Abstract 2095: Influence of Patient Profiles on Outcomes With Implantable Mechanical Circulatory Support (MCS): Results from the Interagency Registry for Mechanically Assisted Circulatory Support (INTERMACS)
Background: For severe, refractory heart failure, implantable MCS is an established therapy when other forms of treatment are ineffective. To refine patient selection to maximize MCS outcomes, a series of 7 patient profiles reflecting acuity and severity of illness were created for the INTERMACS registry. The following analysis was performed to examine the hypothesis that “survival with MCS could be improved by device implantation before the terminal phase of cardiac failure.”
Methods: From 61 centers, 187 pts were entered prospectively into INTERMACS. Pre-implant assignment to an INTERMACS profile was based on level of inotropic support and hemodynamic stability. Ventricular arrhythmias were assigned an additional modifier variable-A.
Results: Of the 187 patients, 78 were assigned to INTERMACS Level 1: Critical cardiogenic shock “crash and burn”; 74 to Level 2: Progressive decline despite inotropes; and 35 assigned to the more stable Levels 3 through 7. Due to varying inotropic support, hemodynamics and renal function did not distinguish between levels 1 through 3. Actuarial survival for patients in INTERMACS Level 1 was 77%±5% and 66%±6% at 1 and 6 months post MCS support and was significantly (P=0.01) less compared to Levels 2 through 7 (91%±3% and 76%±5%, respectively). Addition of the arrhythmia modifier did not impact survival.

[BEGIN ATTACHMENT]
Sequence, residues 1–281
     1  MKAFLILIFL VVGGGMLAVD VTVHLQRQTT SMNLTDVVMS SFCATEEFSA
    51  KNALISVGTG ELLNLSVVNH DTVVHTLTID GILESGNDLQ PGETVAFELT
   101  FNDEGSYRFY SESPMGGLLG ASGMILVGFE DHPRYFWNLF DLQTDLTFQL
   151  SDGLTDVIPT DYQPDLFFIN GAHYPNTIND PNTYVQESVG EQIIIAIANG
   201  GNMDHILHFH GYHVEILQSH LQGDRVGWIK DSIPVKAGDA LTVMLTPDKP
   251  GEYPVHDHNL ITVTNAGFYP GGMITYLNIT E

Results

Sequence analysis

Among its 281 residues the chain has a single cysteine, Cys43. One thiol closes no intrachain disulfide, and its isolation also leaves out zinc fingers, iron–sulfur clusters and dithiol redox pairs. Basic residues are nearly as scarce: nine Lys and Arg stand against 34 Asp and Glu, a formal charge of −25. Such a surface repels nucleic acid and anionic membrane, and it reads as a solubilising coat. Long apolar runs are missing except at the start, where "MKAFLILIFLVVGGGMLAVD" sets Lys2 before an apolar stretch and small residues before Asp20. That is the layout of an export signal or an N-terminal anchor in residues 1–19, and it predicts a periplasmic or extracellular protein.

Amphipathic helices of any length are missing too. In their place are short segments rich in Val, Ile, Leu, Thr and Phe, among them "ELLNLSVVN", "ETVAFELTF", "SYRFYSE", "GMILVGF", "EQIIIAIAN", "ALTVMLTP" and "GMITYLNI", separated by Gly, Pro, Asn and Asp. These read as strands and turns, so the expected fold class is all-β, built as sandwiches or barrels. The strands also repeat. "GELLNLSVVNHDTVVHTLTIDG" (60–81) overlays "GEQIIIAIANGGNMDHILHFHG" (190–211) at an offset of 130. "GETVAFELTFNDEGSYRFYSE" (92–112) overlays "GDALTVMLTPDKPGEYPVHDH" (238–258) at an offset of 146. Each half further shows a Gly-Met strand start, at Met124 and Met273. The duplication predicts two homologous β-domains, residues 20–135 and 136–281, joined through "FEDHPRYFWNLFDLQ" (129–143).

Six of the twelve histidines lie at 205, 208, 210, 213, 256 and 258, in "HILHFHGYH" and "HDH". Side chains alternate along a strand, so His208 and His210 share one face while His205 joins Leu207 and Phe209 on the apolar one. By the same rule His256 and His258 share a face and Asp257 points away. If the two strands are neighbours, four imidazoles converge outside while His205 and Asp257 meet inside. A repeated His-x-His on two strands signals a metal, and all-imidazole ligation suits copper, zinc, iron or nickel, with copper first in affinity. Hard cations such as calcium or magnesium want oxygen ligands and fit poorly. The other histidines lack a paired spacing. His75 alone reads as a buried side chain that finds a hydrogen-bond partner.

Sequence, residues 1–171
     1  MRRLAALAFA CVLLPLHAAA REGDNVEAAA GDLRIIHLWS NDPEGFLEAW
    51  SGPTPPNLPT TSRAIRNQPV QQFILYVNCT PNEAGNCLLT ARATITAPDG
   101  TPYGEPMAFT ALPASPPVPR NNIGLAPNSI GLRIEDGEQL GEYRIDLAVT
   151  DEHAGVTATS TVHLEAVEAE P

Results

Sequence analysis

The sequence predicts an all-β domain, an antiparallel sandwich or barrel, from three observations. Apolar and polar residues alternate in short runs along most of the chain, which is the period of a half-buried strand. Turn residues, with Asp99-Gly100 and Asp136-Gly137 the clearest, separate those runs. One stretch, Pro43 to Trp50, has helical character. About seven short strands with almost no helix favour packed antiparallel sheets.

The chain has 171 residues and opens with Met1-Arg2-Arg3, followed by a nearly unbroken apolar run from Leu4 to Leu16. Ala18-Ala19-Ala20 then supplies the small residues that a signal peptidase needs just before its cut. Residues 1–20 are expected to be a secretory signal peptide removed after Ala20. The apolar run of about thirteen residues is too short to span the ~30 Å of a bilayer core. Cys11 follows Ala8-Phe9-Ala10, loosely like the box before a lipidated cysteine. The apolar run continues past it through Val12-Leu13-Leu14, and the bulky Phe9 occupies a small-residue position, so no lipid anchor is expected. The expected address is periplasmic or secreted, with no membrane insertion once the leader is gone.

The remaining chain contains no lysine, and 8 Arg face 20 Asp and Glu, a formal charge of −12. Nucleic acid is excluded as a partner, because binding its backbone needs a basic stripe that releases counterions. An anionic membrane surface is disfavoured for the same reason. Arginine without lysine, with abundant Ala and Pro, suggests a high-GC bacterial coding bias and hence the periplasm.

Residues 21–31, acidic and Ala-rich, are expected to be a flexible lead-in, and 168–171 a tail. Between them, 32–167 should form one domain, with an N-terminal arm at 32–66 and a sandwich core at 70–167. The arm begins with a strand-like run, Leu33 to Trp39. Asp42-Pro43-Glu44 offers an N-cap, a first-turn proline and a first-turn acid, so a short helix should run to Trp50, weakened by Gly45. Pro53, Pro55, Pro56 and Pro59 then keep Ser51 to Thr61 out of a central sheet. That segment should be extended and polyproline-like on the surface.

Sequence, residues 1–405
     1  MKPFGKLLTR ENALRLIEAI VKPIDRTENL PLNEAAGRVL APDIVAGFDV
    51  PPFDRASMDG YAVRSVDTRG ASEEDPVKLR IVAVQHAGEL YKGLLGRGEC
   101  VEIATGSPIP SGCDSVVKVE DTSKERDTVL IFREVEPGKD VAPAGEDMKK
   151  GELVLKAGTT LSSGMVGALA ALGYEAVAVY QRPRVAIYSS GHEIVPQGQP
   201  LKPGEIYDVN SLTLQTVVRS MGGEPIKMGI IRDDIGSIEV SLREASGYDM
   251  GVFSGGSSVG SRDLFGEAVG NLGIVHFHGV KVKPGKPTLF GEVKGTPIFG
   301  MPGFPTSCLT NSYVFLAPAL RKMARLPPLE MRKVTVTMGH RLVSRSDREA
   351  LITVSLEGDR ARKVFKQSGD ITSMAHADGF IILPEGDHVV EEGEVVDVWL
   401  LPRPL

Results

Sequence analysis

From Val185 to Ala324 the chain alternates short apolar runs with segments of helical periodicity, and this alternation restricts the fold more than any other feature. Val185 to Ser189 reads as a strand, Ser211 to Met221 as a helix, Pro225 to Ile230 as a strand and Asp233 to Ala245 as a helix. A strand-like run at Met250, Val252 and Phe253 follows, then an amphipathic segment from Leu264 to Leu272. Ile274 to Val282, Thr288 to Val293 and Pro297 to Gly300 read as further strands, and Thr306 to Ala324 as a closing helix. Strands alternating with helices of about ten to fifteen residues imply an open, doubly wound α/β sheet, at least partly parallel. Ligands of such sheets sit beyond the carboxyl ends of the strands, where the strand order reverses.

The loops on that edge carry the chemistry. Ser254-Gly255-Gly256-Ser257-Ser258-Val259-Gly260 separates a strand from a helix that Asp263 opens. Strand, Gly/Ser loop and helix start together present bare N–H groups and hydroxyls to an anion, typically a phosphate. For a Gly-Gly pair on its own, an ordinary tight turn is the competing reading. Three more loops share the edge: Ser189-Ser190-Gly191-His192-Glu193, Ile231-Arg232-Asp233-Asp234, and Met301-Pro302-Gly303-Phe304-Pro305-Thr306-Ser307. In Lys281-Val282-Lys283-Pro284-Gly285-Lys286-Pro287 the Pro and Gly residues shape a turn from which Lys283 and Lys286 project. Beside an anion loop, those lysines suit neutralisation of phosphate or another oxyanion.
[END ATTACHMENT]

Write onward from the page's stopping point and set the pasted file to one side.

Conclusion: Implantation of MCS in the terminal phases of heart failure (INTERMACS 1) is associated with worse outcome than all other profiles. The development of patient profiles beyond measured hemodynamic criteria may help to refine selection and timing for new and future MCS devices.